The life-size bronze sculpture dedicated to Vietnam veterans is a permanent display at the New Mexico Veterans’ Memorial in Albuquerque
A life-size bronze sculpture dedicated to Vietnam veterans just six weeks ago was damaged last week by vandals who broke off and stole the sculpture’s M-16 rifle and helmet.
The sculpture, a permanent display at the New Mexico Veterans’ Memorial in Albuquerque, depicts a soldier in Vietnam kneeling at a “field cross,” an M-16 rifle stuck by its bayonet between the fallen soldier’s empty boots and topped by his helmet.
“Some unspeakable person came out here and broke off the rifle and helmet and took it away,” Dan Telfair, a volunteer at the memorial, said Monday.
Roger Knight, a retired Army colonel, Vietnam veteran and volunteer at the memorial, discovered the damage Friday. Knight said it took considerable strength to break the rifle and helmet from the sculpture’s concrete base.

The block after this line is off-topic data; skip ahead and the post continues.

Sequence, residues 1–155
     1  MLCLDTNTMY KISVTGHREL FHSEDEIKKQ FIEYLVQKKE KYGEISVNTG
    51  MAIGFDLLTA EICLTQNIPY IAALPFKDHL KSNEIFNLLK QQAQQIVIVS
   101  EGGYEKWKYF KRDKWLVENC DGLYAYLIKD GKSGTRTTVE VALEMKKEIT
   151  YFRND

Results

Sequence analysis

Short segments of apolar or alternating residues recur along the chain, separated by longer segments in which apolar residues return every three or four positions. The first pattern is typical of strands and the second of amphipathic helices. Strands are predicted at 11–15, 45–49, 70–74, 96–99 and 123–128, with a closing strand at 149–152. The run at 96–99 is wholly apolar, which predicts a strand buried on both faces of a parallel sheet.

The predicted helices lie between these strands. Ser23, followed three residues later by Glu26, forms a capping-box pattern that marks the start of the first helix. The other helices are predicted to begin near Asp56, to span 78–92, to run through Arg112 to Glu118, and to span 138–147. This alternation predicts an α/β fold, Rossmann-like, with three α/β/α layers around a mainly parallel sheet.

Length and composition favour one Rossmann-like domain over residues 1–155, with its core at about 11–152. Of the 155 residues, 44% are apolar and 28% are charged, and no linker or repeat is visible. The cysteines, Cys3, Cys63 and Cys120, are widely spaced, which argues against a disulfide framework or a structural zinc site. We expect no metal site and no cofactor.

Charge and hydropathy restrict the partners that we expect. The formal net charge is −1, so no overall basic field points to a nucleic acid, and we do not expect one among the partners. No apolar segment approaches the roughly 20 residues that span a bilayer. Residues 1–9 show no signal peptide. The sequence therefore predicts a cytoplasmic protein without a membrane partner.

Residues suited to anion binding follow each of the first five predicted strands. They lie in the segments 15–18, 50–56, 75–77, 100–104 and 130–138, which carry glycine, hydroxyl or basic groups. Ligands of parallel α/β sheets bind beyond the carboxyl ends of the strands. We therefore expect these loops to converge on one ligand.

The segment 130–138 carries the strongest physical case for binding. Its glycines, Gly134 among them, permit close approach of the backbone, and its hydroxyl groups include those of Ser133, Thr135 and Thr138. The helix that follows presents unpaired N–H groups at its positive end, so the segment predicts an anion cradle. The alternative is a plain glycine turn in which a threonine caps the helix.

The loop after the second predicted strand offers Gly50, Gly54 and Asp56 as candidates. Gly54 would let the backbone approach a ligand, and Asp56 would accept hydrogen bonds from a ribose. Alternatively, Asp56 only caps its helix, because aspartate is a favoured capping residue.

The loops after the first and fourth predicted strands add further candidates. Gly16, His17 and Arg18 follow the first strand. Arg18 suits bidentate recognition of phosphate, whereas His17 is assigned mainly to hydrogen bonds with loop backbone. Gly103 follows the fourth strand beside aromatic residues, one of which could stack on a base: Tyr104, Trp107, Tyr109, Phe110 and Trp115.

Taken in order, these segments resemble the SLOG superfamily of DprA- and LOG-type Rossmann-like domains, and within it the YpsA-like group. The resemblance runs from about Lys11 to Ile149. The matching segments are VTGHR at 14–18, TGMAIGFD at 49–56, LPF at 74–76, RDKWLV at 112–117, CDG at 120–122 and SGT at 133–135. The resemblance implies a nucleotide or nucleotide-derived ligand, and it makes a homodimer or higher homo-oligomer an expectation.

“I guess what they did was they kept pushing and pushing on it until it broke,” he said.
An estimated 750 to 1,000 people, many of them Vietnam veterans, turned out for the sculpture’s dedication on March 29.
At the dedication, the sculptor, George Salas of Albuquerque, said he hoped the artwork “will allow veterans to release whatever feelings they have about Vietnam, and maybe provide some sort of closure for that part of their lives.”
On Monday, Salas, a Vietnam veteran himself, wondered why anyone would show such disrespect.
“At first I was just angry,” he said. “But then I got depressed. I took it very personally because I put my heart and soul into that sculpture.”
If the missing parts are not found or returned, Salas said the sculpture can probably be repaired.
“It is replaceable,” Salas said. “I kept the molds of the rifle and helmet and, I believe, of the boots.”